After being asked several dozens of times if/when I was going to port Mesen to libretro (and seeing a lot of people saying it couldn’t be done because “lol C#”), I finally got around to doing so. It barely took a day (and less than a thousand lines of code), so now I’m left wondering why I didn’t get it done earlier
Anyway, as of the latest commit, Mesen can be compiled for libretro (see the repository’s readme for info on how to build it). I’ve tested it on Windows with VS2017 (x86 & x64) and Linux on Ubuntu (x64 only) with both clang and GCC. It has no external dependencies, but it does require a C++14 compiler that supports the Filesystem API (which is C++17 I believe). On Linux, clang with LTO enabled tends to produce the fastest binaries. I imagine it could be compiled relatively easily for a lot of other platforms as well (just a matter of having access to a relatively recent compiler for the platform).
The core more or less supports everything Mesen itself does, including HD Packs - which means you can now play this neat Megaman 1 HD pack in RetroArch! (must be in system/HdPacks/romname/ folder) I also added options for most things that made sense in the context of libretro (ntsc filter, palette, overclocking, etc.), but if there is anything missing from the standalone version that would be useful, let me know. Some of the inputs supported by the standalone version are not currently supported in the libretro port (e.g: power pad, etc.). The most popular ones should all work (standard controller, zapper, and some more).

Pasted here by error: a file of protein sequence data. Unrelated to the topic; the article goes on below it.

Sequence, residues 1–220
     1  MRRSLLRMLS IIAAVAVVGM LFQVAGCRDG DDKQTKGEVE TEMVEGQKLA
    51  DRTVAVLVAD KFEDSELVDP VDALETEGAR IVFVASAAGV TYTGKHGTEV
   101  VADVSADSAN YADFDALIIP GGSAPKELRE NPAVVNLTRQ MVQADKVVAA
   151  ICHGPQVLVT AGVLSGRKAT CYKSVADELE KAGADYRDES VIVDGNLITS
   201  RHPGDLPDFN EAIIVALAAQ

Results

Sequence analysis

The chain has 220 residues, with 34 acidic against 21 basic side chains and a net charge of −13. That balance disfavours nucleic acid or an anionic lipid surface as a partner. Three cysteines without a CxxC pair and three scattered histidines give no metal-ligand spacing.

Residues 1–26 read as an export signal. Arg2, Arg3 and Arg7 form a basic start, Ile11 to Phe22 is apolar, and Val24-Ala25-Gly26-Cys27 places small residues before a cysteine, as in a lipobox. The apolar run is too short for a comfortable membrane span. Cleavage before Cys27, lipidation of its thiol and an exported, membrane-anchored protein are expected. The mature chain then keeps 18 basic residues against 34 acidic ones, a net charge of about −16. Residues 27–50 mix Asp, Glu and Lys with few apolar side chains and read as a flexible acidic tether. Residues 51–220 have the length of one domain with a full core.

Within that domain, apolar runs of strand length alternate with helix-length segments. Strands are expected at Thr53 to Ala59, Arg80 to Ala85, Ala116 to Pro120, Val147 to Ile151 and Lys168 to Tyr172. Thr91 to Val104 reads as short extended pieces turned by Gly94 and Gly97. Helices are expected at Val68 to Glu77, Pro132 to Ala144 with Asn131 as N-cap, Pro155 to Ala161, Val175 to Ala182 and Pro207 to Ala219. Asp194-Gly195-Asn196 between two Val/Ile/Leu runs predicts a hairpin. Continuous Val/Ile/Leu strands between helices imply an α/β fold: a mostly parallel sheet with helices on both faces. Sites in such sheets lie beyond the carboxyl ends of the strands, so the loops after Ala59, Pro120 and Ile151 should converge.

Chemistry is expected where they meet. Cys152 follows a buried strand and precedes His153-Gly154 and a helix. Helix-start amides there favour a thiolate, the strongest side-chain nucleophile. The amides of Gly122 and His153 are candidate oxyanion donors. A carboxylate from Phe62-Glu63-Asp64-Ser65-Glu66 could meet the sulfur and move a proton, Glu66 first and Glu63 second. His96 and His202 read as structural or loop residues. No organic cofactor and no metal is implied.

Performance-wise, it is most likely much slower than both FCEUmm & Nestopia UE - I would be surprised if this was able to run at full speed on a Rasberry Pi, for example (but you never know). It should be able to run at full speed on actual PCs, though, even relatively old ones. Compiled with VS2017 and using PGO to optimize the core, it runs roughly the same as the standalone version on my computer (around 350-450 FPS depending on the game).
I think I’ve ironed out most/all of the bugs I found - there are still a few rare issues on my end, but this might just be RetroArch itself acting up (hard to tell - I’ve never used it until now). Please let me know if you have any issues with it. Also, the only Linux environment I have is a VM, and RetroArch refused to run in the VM until I turned off hardware acceleration for it - so I have no idea how well/fast it runs on there.
EDIT: The core is now available on the buildbot, so you can download it from RetroArch